- Eat & Drink
- News & Features
- City Life
- The Hamptons
- Los Angeles
- New York
- Orange County
- San Diego
- San Francisco
- Silicon Valley
- Washington, D.C.
Burglars, go home
Peggy Nauts | Photo: John Kannenberg | February 9, 2012
Neighborhood watch at a new level in Rockridge
The streets of Oakland’s Rockridge and Montclair districts are lined with nice homes that tempt burglars. “We are a target-rich environment,” says Frank Castro, chair of the Greater Rockridge Neighborhood Crime Prevention Council (NCPC). “We have stuff burglars want.” In addition, both communities are near freeways, giving criminals easy escape routes. But the residents there are well aware that the Oakland Police Department is understaffed and likely to lose even more resources in this cash-strapped city. Property crimes are not its top priority. So the active Montclair and Rockridge crime-watch organizations have been working on ways to help the police do their job.
Montclair’s Safety and Improvement Council kicked it off last fall by researching a line of security cameras from Logitech. An outdoor model can take photos in the dark as well as in daylight from up to 100 feet. Over 100 Montclair residents ended up installing indoor or outdoor Logitech cameras, and they regularly use the footage to post photos of suspicious people on their property to their online group and include shots with their police reports after crimes have been committed.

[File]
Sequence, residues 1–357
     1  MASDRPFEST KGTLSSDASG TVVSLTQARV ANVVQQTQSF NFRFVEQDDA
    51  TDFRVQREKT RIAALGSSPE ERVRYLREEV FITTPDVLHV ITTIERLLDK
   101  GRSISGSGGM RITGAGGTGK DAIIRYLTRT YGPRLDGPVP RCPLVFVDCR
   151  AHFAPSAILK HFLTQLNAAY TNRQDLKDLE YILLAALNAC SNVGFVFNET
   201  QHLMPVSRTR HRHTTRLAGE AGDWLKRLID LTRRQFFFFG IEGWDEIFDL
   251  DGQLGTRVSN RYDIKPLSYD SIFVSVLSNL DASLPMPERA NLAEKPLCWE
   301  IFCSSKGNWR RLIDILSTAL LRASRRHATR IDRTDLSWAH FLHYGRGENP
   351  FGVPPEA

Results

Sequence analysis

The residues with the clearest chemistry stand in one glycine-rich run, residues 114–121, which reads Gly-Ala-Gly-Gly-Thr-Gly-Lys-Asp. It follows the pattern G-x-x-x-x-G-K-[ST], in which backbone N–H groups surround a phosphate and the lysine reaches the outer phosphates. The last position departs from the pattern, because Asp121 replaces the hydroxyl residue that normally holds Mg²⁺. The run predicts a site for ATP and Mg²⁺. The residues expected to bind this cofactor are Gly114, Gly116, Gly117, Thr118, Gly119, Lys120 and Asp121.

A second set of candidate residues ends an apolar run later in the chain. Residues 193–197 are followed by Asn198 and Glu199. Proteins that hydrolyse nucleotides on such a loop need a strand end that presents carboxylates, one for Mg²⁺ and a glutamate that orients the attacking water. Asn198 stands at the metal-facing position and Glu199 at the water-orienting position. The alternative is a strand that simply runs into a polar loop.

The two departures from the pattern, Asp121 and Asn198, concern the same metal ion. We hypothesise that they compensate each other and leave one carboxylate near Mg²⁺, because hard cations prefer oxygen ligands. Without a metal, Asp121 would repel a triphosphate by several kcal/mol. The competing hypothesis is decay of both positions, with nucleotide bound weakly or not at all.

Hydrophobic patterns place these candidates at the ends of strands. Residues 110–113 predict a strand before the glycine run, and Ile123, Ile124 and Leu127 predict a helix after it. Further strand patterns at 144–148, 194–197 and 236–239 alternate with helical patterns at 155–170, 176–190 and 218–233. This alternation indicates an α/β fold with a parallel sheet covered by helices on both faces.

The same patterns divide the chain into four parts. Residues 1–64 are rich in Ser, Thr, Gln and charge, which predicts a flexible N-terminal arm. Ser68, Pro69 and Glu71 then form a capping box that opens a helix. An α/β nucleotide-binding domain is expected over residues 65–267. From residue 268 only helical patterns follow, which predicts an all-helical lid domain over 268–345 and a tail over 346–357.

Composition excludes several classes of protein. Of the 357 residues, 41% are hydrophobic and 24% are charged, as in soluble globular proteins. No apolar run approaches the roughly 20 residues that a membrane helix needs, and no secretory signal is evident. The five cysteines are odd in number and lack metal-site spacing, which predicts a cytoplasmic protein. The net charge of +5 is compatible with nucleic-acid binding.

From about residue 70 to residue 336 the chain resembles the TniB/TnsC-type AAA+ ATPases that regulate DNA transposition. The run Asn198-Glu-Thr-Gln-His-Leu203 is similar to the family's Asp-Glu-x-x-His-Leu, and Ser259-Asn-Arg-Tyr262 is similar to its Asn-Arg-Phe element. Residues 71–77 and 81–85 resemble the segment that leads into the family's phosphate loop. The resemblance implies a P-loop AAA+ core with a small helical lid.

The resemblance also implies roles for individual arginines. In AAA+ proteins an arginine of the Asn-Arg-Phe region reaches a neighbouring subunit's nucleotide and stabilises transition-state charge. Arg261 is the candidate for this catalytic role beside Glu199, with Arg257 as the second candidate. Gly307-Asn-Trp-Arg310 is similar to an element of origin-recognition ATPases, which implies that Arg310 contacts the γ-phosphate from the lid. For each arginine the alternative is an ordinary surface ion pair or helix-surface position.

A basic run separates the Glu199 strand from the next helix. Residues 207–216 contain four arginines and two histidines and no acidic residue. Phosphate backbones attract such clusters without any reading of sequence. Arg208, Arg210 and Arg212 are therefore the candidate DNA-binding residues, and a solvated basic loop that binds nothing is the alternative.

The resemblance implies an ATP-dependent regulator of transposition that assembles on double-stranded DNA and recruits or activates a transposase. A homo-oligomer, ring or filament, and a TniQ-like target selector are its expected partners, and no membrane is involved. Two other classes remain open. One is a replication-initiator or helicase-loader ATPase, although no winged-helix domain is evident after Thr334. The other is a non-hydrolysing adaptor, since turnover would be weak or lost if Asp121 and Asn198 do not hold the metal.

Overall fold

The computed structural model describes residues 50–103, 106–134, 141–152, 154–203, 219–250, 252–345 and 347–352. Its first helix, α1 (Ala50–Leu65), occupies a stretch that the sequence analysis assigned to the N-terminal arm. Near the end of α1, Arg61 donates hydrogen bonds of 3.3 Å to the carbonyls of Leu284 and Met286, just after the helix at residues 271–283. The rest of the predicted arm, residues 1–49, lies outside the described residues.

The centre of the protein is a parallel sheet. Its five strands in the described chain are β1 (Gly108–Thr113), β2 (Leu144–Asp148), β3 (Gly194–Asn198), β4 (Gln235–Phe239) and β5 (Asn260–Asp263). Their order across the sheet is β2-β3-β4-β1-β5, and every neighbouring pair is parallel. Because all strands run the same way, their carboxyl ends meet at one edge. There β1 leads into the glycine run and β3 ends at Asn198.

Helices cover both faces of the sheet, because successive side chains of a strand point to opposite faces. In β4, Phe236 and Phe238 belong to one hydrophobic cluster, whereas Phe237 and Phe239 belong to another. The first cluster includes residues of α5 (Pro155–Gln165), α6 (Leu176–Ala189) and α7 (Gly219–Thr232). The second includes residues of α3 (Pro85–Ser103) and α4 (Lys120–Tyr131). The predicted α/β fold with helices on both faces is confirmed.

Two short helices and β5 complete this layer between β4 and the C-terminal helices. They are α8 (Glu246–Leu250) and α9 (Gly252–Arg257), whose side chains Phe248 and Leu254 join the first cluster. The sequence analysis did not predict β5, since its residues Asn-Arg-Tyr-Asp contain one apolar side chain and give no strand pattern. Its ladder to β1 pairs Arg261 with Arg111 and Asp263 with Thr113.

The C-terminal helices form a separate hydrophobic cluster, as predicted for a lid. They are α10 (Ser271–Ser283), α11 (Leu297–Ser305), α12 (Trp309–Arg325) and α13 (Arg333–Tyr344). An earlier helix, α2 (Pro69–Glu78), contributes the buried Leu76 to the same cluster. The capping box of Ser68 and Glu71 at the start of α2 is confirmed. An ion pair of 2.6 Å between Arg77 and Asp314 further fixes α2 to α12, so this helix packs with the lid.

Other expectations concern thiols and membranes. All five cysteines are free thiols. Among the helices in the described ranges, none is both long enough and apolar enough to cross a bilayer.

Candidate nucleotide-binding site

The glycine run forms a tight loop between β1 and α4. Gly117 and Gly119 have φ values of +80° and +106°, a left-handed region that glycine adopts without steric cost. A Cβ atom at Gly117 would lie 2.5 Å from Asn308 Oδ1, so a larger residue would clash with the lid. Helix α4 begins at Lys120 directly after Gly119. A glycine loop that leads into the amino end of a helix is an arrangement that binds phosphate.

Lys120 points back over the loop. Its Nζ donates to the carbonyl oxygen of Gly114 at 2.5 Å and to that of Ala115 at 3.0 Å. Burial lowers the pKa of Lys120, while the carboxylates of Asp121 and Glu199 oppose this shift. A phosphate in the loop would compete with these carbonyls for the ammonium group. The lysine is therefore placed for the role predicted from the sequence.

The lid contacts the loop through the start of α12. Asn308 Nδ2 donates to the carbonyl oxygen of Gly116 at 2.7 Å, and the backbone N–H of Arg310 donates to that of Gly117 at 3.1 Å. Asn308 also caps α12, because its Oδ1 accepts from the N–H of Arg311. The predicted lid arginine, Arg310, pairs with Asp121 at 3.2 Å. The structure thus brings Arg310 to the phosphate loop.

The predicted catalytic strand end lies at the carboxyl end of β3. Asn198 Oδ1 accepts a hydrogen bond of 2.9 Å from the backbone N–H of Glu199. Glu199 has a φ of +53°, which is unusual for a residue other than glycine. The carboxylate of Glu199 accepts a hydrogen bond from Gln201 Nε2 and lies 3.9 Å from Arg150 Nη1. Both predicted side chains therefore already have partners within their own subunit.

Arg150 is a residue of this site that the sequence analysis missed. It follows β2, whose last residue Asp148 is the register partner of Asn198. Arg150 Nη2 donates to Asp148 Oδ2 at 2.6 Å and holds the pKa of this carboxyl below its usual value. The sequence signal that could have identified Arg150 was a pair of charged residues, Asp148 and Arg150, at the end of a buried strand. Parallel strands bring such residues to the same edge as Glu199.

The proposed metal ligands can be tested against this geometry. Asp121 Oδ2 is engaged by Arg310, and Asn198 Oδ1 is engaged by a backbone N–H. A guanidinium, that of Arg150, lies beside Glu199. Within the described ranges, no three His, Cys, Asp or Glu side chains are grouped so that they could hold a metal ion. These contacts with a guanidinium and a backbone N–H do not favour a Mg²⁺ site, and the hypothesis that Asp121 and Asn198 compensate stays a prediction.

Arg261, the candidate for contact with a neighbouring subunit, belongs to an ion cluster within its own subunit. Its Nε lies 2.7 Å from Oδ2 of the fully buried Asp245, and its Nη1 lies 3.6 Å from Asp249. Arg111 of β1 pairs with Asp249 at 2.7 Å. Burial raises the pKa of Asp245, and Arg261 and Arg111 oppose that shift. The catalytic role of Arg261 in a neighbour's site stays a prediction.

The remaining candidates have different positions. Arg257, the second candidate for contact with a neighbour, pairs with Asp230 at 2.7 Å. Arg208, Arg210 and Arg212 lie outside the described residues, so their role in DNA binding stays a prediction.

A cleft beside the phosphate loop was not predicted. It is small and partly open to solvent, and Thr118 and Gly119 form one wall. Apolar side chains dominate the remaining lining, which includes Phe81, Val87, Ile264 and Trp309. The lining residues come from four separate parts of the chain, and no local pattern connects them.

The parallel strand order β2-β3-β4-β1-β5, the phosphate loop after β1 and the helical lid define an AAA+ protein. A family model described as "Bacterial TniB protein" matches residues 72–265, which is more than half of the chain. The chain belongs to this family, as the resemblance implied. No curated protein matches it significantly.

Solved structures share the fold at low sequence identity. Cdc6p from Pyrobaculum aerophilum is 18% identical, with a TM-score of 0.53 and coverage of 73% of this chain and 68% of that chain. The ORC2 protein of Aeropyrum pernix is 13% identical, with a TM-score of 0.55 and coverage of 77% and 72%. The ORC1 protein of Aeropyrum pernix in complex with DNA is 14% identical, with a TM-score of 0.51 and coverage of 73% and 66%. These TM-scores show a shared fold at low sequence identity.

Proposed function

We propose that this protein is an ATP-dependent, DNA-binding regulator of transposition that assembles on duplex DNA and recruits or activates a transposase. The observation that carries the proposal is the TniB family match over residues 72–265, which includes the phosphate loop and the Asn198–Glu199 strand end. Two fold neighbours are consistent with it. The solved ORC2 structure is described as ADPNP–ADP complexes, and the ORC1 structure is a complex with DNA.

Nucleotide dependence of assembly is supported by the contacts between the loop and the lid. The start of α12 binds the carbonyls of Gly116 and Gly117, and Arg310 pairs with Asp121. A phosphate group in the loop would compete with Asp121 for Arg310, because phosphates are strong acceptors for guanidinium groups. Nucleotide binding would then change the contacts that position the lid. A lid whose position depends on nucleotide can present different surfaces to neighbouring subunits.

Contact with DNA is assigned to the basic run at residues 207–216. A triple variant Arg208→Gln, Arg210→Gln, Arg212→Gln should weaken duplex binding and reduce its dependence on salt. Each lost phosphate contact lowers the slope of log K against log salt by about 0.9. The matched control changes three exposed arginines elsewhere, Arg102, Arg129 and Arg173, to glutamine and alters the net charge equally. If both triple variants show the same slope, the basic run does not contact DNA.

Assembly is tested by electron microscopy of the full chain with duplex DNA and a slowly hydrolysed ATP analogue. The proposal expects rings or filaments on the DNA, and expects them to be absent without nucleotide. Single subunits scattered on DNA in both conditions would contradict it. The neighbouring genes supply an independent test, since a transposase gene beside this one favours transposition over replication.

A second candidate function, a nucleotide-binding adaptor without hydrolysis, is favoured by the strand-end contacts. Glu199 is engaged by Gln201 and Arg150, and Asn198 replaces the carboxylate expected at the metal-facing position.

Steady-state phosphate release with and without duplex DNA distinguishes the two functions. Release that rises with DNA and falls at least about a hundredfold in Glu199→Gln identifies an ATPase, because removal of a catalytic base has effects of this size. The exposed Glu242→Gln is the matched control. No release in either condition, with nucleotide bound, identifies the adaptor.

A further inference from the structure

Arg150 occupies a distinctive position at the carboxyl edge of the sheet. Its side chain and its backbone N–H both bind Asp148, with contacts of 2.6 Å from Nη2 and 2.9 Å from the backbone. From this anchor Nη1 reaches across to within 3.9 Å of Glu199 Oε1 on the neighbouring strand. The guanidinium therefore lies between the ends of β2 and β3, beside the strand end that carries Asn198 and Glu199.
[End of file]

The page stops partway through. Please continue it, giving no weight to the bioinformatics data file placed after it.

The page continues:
The cameras helped put away one burglar who had hit multiple Montclair homes, according to Carolyn Winters, moderator of the Council’s online group. “We caught him with our cameras,” says Winters. “They actually got his plate number from one of our cameras.”
In Rockridge, the January 2012 meeting about Logitech security cameras was the best-attended in the two years Frank Castro has been chair of the NCPC, says Castro. “Already I’ve had 12 people tell me they want to buy the cameras,” he says. “[Rockridge is] also considering raising funds to put cameras near the freeway ramps. That way when an incident is reported, the police can look at the data from those cameras. They can see who left the neighborhood. They might get a vehicle description, or they might even get a plate number.”
“We want to send a message to the perpetrators,” says Winters of Montclair’s cameras. “You don’t know who has the cameras, but there are a lot of cameras out here.”
Peggy Nauts is San Francisco's copy chief.